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Planned Parenthood Southeast, Inc. v. Strange

United States District Court, M.D. Alabama, Northern Division

October 20, 2014

PLANNED PARENTHOOD SOUTHEAST, INC., on behalf of its patients, physicians, and staff, et al., Plaintiffs,
v.
LUTHER STRANGE, in his Official capacity as Attorney General of the State of Alabama, et al., Defendants

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[Copyrighted Material Omitted]

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For Planned Parenthood Southeast, Inc., on behalf of its patients, physicans and staff, Kiwana Brooks, Administrator of Plaintiff PPSE's Mobile Health Center, Plaintiffs: Alexa Kolbi-Molinas, Andrew David Beck, Jennifer Dalven, LEAD ATTORNEY, PRO HAC VICE, American Civil Liberties Union, New York, NY, USA; Carrie Y. Flaxman, LEAD ATTORNEY, PRO HAC VICE, Planned Parenthood Federation of America, Washington, DC, USA; Jennifer R. Sandman, Maithreyi Ratakonda, LEAD ATTORNEY, Planned Parenthood Federation of America, New York, NY, USA; Julia Heather Kaye, LEAD ATTORNEY, American Civil Liberties Union Foundation, New York, NY, USA; M. Wayne Sabel, SR, LEAD ATTORNEY, Sabel & Sabel, P. C., Montgomery, AL, USA; Renee Paradis, LEAD ATTORNEY, PRO HAC VICE, American Civil Liberties Union Foundation, New York, NY, USA; Roger Kraus Evans, LEAD ATTORNEY, PRO HAC VICE, Planned Parenthood Federation of America, New York, NY, USA.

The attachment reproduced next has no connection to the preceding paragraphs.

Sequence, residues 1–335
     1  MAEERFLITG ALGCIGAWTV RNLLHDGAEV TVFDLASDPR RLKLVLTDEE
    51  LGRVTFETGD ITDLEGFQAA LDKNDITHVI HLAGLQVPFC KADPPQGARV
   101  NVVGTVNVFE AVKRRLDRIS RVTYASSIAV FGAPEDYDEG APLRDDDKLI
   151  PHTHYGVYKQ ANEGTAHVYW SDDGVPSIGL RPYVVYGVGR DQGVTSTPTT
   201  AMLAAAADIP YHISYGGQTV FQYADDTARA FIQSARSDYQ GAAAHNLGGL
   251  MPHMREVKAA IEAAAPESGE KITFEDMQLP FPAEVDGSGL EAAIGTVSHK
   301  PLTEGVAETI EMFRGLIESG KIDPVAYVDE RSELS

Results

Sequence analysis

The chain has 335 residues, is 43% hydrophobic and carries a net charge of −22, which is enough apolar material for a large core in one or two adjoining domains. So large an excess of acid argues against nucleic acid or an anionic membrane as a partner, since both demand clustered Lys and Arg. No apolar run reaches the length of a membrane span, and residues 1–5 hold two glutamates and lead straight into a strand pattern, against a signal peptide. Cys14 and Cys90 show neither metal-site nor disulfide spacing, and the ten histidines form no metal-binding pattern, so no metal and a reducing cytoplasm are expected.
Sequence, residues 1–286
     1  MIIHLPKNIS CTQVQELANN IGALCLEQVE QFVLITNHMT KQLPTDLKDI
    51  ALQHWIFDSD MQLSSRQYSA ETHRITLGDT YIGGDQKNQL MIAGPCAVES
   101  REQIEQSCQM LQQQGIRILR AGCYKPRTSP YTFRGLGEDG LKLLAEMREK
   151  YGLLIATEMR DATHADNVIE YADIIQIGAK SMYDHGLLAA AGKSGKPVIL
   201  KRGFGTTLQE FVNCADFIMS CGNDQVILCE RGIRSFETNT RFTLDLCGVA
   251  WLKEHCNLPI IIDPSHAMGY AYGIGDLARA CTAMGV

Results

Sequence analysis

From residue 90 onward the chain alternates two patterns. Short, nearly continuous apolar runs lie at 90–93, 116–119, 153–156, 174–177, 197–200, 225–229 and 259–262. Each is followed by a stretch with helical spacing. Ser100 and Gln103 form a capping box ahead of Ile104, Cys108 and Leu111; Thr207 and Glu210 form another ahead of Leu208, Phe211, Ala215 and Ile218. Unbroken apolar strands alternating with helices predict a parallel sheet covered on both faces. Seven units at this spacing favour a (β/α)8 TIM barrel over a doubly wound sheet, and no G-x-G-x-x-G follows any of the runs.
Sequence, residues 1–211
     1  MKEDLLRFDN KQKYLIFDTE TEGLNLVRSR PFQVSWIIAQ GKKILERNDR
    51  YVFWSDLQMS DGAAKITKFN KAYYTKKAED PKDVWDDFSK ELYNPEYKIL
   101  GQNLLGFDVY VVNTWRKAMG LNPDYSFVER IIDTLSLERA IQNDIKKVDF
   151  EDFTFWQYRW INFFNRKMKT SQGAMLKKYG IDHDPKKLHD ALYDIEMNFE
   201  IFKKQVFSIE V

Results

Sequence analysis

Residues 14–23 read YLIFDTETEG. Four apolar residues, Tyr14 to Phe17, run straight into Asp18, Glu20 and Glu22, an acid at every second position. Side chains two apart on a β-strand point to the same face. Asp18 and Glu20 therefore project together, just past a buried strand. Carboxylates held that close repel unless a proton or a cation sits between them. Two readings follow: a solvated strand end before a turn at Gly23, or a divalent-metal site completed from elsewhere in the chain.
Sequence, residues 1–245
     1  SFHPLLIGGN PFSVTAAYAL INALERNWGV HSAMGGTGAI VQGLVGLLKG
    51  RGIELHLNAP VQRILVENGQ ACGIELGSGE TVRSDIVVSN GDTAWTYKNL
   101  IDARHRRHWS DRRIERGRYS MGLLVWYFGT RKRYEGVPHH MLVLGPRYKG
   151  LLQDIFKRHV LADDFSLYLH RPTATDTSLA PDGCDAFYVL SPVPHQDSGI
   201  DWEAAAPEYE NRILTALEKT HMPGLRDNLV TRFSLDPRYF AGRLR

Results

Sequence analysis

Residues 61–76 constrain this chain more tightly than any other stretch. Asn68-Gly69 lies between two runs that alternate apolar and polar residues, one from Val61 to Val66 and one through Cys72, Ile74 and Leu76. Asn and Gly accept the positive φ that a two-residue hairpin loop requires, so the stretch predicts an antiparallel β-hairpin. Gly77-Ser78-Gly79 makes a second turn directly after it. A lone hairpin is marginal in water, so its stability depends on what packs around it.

For Reproductive Health Services, on behalf of its patients, physicans and staff, June Ayers, RN, Plaintiffs: Alexa Kolbi-Molinas, Andrew David Beck, Jennifer Dalven, LEAD ATTORNEY, PRO HAC VICE, American Civil Liberties Union, New York, NY, USA; Carrie Y. Flaxman, LEAD ATTORNEY, PRO HAC VICE, Planned Parenthood Federation of America, Washington, DC, USA; Jennifer R. Sandman, Maithreyi Ratakonda, LEAD ATTORNEY, Planned Parenthood Federation of America, New York, NY, USA; Julia Heather Kaye, LEAD ATTORNEY, American Civil Liberties Union Foundation, New York, NY, USA; M. Wayne Sabel, SR, LEAD ATTORNEY, Sabel & Sabel, P. C., Montgomery, AL, USA; Renee Paradis, LEAD ATTORNEY, PRO HAC VICE, American Civil Liberties Union Foundation, New York, NY, USA; Roger Kraus Evans, LEAD ATTORNEY, PRO HAC VICE, Planned Parenthood Federation of America, New York, NY, USA; Skye Lynn Perryman, LEAD ATTORNEY, Wilmer Cutler Pickering Hale and Dorr LLP, Washington, DC, USA; Susan Talcott Camp, LEAD ATTORNEY, American Civil Liberties Union, New York, NY.